support of this FTA. The Cooperative Group on Trade Capacity 
Building has been formed and meets separately to identify and 
satisfy trade capacity building needs arising out of the FTA 
discussions. By May 2004, five rounds of negotiations have been 
held with the intensity of the negotiations expected to 
increase in an effort to conclude the negotiations by the end 
of 2004.

                         C. Legislative History


2003 Congressional Delegation to the AGOA Forum in Mauritius

    On January 12-23, 2003, Chairman Thomas led a bipartisan 
delegation of Members of Congress to an international forum 
established in AGOA. The delegation visited Namibia, South 
Africa, Madagascar, and Mauritius and toured several new firms 
established as a result of the trade benefits created by AGOA. 
The delegation participated in several speaking and discussion 
events at the AGOA forum in Mauritius. In January 2003 the 
Committee filed its ``Report on Trade Mission to Sub-Saharan 
Africa'' (WMCP: 108-2), which outlined the Committee's 
conclusions from the Congressional Delegation. The Committee 
found that AGOA had been very successful and had helped to 
create many jobs, particularly in the apparel sector. The 
expiration of the third country fabric benefits for the least 
developed countries in 2004 was the issue most discussed during 
the delegation's visit. The Members met with many African 
leaders who were very supportive of an extension. There was 
evidence that countries generally lacked sufficient current 
capacity to provide fabric for apparel manufacturing, and 
Members learned about planned investments in textile capacity 
but that such investment would need time to become operational. 
In its report, the Committee concluded that the best approach 
on third country fabrics is one of balance--i.e., providing 
incentives in the cut-and-sew area to bootstrap Africa into 
more value-added fabric production by creating a solid 
workforce and infrastructure and then transferring those skills 
to high-end production.
    Members noted the value of the programs presented by civil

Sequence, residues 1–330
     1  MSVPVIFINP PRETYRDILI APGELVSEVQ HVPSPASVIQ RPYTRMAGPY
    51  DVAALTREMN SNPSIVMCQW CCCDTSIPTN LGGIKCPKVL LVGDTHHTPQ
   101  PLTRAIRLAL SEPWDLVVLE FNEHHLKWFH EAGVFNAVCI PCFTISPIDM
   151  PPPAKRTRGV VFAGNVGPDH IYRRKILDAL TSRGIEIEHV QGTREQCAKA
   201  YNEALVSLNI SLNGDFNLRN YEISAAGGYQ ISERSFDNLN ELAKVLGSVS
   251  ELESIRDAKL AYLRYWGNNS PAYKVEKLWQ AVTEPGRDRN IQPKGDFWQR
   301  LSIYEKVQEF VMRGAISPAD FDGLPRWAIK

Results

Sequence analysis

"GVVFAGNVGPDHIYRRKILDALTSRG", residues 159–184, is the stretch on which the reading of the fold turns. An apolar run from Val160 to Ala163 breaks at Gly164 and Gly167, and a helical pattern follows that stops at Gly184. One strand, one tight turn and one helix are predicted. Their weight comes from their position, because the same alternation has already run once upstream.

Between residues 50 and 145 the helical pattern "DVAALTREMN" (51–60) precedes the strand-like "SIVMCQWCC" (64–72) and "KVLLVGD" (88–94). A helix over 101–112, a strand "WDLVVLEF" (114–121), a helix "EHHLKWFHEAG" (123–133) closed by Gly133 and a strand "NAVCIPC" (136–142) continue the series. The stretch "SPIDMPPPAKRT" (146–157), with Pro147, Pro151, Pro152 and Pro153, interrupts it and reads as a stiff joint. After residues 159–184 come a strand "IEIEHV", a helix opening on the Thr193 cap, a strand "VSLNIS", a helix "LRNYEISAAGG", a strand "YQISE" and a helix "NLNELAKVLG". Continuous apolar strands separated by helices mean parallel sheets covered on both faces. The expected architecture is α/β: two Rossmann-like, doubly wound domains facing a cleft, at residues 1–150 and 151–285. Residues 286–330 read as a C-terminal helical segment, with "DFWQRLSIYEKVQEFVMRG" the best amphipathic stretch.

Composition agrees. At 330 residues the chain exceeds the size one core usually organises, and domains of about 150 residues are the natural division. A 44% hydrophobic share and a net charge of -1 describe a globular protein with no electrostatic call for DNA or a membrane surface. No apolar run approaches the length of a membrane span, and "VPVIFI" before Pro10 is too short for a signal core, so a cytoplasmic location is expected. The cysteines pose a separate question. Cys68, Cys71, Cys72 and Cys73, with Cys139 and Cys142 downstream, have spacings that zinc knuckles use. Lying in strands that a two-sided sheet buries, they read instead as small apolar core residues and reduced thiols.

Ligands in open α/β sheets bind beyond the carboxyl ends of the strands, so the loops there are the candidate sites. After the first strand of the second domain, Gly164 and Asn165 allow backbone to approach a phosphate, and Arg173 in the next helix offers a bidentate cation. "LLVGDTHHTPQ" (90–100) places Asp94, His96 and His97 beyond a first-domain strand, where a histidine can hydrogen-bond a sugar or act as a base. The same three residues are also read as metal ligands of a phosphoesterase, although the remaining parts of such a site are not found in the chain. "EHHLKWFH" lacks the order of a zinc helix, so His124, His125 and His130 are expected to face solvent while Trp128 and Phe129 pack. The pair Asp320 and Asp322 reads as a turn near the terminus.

society and acknowledged their special expertise. Some Members 
made the point that just as the United States benefits from 
receiving civil society comments in the AGOA eligibility review 
process, African governments should also consider input from 
civil society organizations when developing strategies to 
implement and maximize benefits under AGOA.

2003 WTO Ministerial in Cancun

    Committee Members met with a number of African leaders 
during the WTO's Cancun Ministerial and in Washington during 
the AGOA Forum to discuss the operation of the AGOA. These 
leaders told the Committee that the legislation has led to 
substantial investment in African countries, improved the 
standard of living for thousands of Africans, and aided in 
general development of many poor African regions. However, many 
of these officials requested an extension of the program 
benefits and various enhancements to the program, while others 
expressed concern that extension of eligibility for the use of 
third country fabric could discourage regional fabric 
production.

Hearing on President Bush's Trade Agenda

    On March 11, 2004, Ambassador Zoellick testified before the 
Committee and stated the Administration's support for 
``legislation on AGOA that will accelerate its gains, including 
by extending provisions and enabling countries to take full 
advantage of AGOA through enhanced technical assistance.'' In 
response to questions about extension of the third country 
fabric benefits of AGOA, Ambassador Zoellick stated that a one-
year extension would not be enough.

2004 Hearing on AGOA

    On April 29, 2004, the Subcommittee on Trade held a hearing 
on U.S. trade relations with sub-Saharan Africa and H.R. 4103, 
the Africa Growth and Opportunity (AGOA) Acceleration Act. The 
Subcommittee received testimony from both invited and public 
witnesses, many of whom expressed support for the original AGOA 
program as well continuing the trade relationship in order to 
continue building the long-term economic viability of sub-
Saharan Africa. Witnesses from the U.S. private sector and 
representatives of three sub-Saharan African governments 
(Lesotho, Mauritius, and Kenya) expressed support for H.R. 
4103. While supportive of AGOA and its general objectives, 
several witnesses stated that the AGOA program needed to 
strengthen other areas of sub-Saharan trade, including 
agriculture, the development of infrastructure to better 
facilitate increasing trade, and poverty alleviation. One 
witness, the Union of Needletrades, Industrial and Textile 
Employees (UNITE!) expressed support for AGOA's overall goal of 
development but expressed disappointment with regard to a lack 
of enforcement of core international labor standards in the 
region.
    The hearing raised many issues related to the importance of